6. Treat your email subscribers differently. Be creative with the second message after they sign up. New members should get a welcome mat and a tutorial on what your site provides before you pummel them to engage in your campaign or buy your product.That said, don’t wait too long to ask for money if your primary purpose of your site is to raise cash. The winning formula, most here agreed, was to introduce the site the first week and send a fund-raising appeal the second week, such as “$5 buys a roll of stickers for our campaign! Donate Now.” The conventional wisdom is that the longer you are on a list, the willingness to part with cash will fade.Another important segment on your list, outside new subscribers, are major donors. Veterans of political campaigns agreed that your donors merit “special messaging”.
  7. How are we doing? People want to give advice to your campaign. That’s why survey emails are so popular. One leading Democratic Senator found the second most successful email campaign was a survey asking email list members to tell him about themselves with demographic information so his team could get a better profile of their subscribers. The MoveOn email list subscribers often get surveys asking them for their input to gain insight on the priorities or near-term agenda of the organization.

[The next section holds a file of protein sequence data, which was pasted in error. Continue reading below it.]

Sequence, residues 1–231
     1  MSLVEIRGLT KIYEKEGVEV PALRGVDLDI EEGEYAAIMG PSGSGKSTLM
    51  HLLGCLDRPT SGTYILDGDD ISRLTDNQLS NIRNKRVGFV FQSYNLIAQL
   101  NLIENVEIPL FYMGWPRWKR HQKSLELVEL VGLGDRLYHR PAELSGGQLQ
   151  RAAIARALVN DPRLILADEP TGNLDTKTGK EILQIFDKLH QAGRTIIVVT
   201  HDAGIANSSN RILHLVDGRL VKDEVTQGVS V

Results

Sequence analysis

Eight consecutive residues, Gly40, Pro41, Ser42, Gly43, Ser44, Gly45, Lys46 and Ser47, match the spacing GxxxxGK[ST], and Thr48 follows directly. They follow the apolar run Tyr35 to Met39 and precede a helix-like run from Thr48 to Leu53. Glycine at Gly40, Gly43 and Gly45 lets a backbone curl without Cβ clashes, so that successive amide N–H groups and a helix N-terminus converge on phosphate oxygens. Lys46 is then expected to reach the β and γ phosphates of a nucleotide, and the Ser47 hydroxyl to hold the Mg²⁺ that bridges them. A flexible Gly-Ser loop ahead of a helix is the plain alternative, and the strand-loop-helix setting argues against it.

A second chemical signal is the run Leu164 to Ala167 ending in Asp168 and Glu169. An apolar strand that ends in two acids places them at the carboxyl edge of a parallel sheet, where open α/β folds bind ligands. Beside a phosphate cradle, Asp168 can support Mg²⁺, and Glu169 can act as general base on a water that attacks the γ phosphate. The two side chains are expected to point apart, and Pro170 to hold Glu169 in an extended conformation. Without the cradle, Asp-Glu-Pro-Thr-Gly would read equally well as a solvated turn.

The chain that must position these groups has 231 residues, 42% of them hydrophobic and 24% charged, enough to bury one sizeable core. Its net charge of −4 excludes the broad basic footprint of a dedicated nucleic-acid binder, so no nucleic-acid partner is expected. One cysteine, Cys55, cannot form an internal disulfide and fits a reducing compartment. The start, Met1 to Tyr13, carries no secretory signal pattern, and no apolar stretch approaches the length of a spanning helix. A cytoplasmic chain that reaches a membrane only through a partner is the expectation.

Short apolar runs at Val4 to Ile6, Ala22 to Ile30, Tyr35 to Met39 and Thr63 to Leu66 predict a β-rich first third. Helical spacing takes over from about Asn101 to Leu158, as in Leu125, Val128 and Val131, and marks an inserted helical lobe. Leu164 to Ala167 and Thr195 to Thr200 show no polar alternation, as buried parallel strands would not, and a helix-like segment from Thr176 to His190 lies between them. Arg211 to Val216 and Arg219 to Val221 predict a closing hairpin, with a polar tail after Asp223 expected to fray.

8. Reply emails or Forward emails are interesting. When the Edwards campaign sent a reply email to their list, they called it a “kicker” email. The purpose was to inform the recipients about what happened to the “ask” in the earlier email that they had been successful and ask them to forward it to a friend. A favorite tactic of the Obama campaign uses a reply or forward function to let their subscribers in” on a private conversation.
  9. The lifespan of an email is three days. If people haven’t opened it by then, chances are it will not be read. Your typical open rate is 20 to 30 percent of your list, with the low-end of that rate the more common experience.
  10. Experience emails are popular. Here the time of day must make sense with the story your email is sharing. In this campaign cycle, emails sent from Blackberrys by Chris Dodd to report on his spirits after walking out of a debate got noticed. Likewise, Bill Richardson sent out emails from his road-trip across early primary states sharing his on-the-road musings.